Wednesday, March 27, 2013
Ian Lind @ Civil Beat on campaign contributions during session
by Larry Geller
The more exposure this issue gets, like Honolulu’s pothole problems, the more chance it can be fixed, I think. So I was very glad to see Ian LInd’s article poste on the Civil Beat webpage, Hawaii Monitor: Time To Ban Campaign Donations During Session? (Civil Beat, 3/27/2013).
Ian fills in much background that I haven’t covered here—for example, the number of other states that have laws banning contributions during session (29) and describes some differences.
Why don’t you just click the link above and read the article? It’s well done, as usual.
I would like to add just one comment of my own. Ian writes:
Fundraisers can also provide a few minutes of face time with legislators and other public officials, who are otherwise often unavailable to the 98 percent during session. A few words exchanged here and there with the legislator, or with others in attendance, can be extremely valuable whether you’re a constituent, a lobbyist, a concerned citizen, or “just” a voter.
I’ve emphasized that the lobbyists get the face time, not the 98%, when the legislator holds an expensive event in town but represents a district on a Neighbor Island, for example. The constituents can’t afford to fly over and pay for hotels just for a few minutes at a noisy event and the chance to elbow through a gaggle of lobbyists to get to the representative.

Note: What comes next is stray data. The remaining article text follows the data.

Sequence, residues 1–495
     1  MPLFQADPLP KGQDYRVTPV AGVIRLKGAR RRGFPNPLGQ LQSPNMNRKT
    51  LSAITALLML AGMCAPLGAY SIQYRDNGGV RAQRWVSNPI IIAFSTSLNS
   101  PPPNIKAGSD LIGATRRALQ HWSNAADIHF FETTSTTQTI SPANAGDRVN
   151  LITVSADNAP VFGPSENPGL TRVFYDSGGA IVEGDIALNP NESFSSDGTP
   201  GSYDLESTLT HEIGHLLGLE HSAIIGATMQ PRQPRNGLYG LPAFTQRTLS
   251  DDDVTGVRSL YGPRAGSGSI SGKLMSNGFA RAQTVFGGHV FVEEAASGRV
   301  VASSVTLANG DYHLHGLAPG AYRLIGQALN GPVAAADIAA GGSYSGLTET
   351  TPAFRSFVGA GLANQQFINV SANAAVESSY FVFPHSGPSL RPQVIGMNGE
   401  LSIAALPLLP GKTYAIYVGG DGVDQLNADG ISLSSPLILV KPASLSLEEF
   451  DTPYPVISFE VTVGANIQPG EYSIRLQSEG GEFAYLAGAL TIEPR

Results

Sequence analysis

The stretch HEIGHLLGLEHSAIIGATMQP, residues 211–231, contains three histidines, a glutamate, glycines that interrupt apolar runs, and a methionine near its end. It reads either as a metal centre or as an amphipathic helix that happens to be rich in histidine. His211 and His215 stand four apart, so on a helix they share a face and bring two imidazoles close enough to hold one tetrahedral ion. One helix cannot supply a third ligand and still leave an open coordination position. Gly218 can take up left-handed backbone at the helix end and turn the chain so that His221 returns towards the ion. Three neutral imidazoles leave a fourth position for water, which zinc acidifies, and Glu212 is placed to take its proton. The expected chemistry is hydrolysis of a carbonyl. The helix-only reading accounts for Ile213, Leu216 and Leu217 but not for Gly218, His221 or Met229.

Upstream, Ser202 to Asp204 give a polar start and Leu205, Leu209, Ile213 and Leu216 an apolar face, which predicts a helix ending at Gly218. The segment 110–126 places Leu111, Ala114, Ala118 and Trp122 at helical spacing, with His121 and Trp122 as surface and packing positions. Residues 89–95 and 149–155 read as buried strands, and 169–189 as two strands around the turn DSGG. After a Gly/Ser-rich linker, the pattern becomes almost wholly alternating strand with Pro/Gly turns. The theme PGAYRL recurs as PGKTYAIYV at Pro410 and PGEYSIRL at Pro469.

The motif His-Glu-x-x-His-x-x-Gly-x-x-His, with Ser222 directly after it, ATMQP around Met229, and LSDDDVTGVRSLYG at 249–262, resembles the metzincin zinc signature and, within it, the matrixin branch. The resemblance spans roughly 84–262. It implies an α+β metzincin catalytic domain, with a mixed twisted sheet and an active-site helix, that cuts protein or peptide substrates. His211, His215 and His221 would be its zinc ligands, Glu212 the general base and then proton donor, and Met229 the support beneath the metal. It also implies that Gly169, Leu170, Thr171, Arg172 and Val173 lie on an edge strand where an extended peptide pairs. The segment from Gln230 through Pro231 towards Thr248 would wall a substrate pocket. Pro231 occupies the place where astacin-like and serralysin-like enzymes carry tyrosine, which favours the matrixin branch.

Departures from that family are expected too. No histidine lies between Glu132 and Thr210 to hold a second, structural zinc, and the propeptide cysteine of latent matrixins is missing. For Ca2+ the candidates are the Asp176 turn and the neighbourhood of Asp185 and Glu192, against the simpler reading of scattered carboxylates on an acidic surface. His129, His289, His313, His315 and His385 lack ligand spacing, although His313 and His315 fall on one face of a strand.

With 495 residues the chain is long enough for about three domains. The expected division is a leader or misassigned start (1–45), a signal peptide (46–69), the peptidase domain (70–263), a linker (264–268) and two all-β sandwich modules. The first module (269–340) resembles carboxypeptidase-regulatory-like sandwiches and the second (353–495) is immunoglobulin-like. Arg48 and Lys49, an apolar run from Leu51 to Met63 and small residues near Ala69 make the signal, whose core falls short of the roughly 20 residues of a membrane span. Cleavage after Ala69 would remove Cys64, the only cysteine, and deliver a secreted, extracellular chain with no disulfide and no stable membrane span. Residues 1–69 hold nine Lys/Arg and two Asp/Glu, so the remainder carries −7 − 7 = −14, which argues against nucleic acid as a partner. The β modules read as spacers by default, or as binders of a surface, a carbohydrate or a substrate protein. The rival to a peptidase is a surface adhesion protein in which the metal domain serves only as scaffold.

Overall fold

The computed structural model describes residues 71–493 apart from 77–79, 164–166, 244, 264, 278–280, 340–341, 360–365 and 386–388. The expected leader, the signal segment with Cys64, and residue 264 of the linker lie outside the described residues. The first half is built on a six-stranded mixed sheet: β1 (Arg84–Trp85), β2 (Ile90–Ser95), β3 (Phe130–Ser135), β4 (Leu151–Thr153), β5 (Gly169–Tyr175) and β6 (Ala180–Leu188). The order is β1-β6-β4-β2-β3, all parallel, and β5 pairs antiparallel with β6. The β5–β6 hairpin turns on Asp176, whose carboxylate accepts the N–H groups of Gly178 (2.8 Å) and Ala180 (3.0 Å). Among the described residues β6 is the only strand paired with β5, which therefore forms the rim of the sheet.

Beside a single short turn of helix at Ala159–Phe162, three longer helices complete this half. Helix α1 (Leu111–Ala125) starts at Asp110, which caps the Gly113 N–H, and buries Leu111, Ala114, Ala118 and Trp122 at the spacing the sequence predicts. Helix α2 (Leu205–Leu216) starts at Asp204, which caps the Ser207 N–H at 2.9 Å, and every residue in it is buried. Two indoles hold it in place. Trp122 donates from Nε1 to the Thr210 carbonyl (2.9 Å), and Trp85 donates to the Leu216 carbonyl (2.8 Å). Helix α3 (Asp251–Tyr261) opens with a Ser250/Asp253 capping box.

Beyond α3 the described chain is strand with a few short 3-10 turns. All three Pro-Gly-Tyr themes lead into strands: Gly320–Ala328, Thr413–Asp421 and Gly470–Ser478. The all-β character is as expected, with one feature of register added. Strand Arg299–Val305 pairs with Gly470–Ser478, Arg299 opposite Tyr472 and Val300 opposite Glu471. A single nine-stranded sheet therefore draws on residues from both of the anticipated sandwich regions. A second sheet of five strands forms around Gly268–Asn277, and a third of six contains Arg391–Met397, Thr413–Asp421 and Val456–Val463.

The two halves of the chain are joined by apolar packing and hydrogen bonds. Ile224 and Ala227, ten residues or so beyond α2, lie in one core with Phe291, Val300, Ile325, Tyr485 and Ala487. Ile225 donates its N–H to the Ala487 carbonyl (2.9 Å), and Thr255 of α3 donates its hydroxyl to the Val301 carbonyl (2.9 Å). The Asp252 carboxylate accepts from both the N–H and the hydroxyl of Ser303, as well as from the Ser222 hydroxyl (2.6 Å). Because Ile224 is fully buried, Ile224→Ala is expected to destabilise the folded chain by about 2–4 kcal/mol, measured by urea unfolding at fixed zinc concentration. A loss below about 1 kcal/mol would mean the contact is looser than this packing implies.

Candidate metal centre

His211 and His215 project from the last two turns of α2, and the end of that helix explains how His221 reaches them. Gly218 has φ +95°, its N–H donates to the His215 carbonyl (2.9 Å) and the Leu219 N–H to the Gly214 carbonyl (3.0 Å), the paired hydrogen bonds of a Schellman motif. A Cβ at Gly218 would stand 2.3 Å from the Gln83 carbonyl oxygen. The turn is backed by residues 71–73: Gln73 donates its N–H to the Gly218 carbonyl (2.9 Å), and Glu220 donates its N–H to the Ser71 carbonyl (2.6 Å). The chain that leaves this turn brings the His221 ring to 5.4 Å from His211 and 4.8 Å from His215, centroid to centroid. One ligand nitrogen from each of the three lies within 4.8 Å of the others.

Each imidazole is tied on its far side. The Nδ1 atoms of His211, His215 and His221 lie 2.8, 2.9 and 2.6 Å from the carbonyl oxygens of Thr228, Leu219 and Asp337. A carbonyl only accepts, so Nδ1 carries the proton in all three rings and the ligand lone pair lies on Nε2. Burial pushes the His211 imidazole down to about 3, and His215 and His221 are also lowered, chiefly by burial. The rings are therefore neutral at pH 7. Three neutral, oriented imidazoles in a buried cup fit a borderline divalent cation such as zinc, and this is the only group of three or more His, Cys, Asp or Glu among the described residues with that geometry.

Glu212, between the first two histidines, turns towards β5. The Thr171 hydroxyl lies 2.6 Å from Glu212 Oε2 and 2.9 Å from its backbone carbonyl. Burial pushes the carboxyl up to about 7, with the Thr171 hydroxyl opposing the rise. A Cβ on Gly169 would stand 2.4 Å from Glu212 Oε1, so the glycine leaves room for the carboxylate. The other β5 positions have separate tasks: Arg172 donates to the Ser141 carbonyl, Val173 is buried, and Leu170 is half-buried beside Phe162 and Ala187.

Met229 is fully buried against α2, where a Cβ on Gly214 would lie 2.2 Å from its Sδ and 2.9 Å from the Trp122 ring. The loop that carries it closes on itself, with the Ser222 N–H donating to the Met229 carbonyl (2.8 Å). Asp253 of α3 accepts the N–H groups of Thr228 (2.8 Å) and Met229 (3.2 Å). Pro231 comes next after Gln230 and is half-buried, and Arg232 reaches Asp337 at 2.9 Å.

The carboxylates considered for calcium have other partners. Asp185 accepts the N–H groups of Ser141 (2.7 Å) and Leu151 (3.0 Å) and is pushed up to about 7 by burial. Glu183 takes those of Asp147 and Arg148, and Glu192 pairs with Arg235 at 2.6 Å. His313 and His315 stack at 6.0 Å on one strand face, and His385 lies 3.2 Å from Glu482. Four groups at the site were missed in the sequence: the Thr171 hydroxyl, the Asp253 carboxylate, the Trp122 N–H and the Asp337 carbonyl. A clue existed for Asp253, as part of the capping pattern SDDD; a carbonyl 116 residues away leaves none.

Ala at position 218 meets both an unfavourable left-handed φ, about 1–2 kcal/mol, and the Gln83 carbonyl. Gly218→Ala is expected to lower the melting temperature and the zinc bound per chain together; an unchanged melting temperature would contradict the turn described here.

Sure, banning these fundraisers during session hasn’t worked (yet), and it is hard to see how our state legislators might be convinced to pass laws that might restrict their gravy train. But if you’re a Neighbor Island voter and do get to meet your representative who held a fundraiser for special interests, why not ask if they would be willing to do the ethical thing and agree to ban those events in the future? Please don’t forget the word “ethical.” That’s what it’s about.
each house of the legislature has the power to adopt rules to prohibit this kind of activity during sessions with the penalty being expulsion from office.
I do make political donations. They are small amounts and not related to business and almost never do I even know the candidate or politician, but your point is well taken. I will not be making political donations while the legislature is in session.